By Staff -- Broadcasting & Cable, 4/11/2004 8:00:00 PM
"The FCC has a legal mandate to police certain particularly striking forms of expression. The rest of us don't. We would be wise to get over our squeamishness about that percussive side of language."
Gretchen Helfrich, in a commentary in the Chicago Tribune on the FCC's indecency battle.
"When the bleep bleeps, of course, it causes listeners to scan a mental vocabulary of crude candidates that, of course, we never say but may have heard uttered somewhere once by someone else."
A Los Angeles Times editorial on the delays broadcasters are adding to live programs.
"I really regret losing my sanity for so many years, and if I had it to do all over again, I wouldn't do any of it."
Comedienne Roseanne Barr, quoted in New York's Daily News, apologizing for years of bizarre behavior.
"We don't know what they're doing. It was originally on Wednesday nights, and now, starting this week, it's on Thursday night at 9 o'clock. That's a tough time slot—against CSI on CBS and The Apprentice on NBC. It's kind of like where shows go to die."
Stephen King to the New York Post's Lloyd Grove on ABC's decision to move Stephen King's Kingdom Hospital to Thursday night.
"Intentionally or not, Koch and Fuse are updating a classic anti-Asian image—that of the Mickey Rooney character in Breakfast at Tiffany's, complete with buck teeth, bad hair and bad accent."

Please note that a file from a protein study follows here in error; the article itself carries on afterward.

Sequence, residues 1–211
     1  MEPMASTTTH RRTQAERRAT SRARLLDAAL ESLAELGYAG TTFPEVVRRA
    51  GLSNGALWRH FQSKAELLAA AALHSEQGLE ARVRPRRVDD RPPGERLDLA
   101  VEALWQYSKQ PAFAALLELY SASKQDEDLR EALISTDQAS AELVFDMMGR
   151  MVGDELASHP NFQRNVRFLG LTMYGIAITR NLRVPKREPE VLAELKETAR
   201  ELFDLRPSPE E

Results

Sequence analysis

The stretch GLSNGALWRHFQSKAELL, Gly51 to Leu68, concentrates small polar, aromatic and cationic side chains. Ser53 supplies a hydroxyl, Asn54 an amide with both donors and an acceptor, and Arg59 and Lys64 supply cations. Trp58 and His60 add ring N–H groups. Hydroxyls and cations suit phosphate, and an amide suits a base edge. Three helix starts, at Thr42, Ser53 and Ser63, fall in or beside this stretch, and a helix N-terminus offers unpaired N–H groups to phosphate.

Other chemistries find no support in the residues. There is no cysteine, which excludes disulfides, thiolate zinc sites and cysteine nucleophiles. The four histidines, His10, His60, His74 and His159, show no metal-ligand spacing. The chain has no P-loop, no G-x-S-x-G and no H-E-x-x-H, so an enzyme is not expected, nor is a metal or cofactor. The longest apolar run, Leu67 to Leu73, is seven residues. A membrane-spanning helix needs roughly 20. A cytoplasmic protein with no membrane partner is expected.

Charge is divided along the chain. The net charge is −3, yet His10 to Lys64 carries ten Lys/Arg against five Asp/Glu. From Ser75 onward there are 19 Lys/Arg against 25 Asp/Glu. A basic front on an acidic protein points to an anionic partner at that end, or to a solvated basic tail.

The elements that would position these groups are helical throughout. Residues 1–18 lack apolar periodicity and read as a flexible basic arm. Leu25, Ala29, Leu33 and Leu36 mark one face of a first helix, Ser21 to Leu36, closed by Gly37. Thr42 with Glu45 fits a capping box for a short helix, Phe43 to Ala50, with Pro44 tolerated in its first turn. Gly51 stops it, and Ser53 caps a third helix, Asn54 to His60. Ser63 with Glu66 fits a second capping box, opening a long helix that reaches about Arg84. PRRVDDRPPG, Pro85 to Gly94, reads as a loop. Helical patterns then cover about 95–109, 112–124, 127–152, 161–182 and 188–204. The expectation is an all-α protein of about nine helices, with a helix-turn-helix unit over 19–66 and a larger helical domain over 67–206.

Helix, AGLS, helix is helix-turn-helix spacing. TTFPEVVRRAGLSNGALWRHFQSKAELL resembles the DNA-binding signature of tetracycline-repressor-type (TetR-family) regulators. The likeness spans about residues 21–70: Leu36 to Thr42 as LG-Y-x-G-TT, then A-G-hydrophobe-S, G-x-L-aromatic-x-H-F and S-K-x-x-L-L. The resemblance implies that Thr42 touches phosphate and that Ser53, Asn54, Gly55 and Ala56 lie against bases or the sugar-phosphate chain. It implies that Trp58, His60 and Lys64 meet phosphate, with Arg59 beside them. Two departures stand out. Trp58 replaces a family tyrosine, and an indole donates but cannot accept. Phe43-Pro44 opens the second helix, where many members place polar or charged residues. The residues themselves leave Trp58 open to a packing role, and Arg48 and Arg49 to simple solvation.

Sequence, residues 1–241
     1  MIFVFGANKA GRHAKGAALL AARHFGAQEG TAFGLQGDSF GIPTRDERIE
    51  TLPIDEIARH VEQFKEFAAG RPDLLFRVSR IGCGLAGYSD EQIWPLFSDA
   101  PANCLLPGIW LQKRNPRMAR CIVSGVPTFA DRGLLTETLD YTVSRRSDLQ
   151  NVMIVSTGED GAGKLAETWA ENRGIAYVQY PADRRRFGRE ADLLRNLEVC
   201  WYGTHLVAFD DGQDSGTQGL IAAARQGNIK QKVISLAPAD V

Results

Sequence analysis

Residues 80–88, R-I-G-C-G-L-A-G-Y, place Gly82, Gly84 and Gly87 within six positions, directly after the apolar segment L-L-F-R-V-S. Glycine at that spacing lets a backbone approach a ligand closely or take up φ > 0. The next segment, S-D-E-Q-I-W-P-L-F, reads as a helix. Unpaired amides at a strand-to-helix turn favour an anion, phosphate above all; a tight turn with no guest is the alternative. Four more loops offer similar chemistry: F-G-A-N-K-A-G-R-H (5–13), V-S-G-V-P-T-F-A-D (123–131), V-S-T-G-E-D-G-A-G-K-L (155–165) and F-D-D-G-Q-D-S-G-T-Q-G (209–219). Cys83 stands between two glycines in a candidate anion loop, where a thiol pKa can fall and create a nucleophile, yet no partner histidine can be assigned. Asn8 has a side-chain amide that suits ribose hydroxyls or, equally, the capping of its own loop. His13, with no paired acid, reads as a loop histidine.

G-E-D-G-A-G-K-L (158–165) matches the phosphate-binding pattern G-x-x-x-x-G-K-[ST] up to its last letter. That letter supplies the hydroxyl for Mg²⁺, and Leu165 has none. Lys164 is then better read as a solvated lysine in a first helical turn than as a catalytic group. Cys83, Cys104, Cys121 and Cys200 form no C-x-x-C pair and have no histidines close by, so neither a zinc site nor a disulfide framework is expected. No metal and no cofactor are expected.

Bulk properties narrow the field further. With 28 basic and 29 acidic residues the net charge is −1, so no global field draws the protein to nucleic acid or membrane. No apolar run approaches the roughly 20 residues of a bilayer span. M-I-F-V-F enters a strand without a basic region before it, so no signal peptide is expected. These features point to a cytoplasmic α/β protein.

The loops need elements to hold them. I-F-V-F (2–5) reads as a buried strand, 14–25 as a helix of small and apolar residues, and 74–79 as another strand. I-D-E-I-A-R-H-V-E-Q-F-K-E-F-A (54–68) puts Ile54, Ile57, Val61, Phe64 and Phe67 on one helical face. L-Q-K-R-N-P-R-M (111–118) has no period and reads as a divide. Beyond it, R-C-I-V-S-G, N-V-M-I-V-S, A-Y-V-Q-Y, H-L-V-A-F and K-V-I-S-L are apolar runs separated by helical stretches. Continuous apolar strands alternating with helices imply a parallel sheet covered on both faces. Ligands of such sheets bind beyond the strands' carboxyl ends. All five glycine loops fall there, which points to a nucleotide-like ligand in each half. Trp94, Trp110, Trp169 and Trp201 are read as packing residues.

Emil Guillermo, the San Francisco Chronicle, on Koch Records' and Fuse's exploitation of American Idol reject William Hung.
"The ambiguously racist overtones that mark America's current obsession with William Hung come with at least one clear-cut take-away: William is not a man, but a walking grotesque and a self-parody. (Which is what makes attempts at satirical imitation, like Jimmy Fallon's on SNL, both lame and redundant. Hung requires no further comic elaboration.)"
David Ng, The Village Voice, on William Hung.
"After reflecting on the historians' comments and conducting its own internal review, the History Channel recognizes that The Guilty Men failed to offer viewers context and perspective, and fell short of the high standards that the network sets for itself. The History Channel apologizes to its viewers and to Mrs. Johnson and her family for airing the show."
From the History Channel's mea culpa over the The Guilty Men.
The documentary implied that President Lyndon Johnson was involved in the Kennedy assassination.
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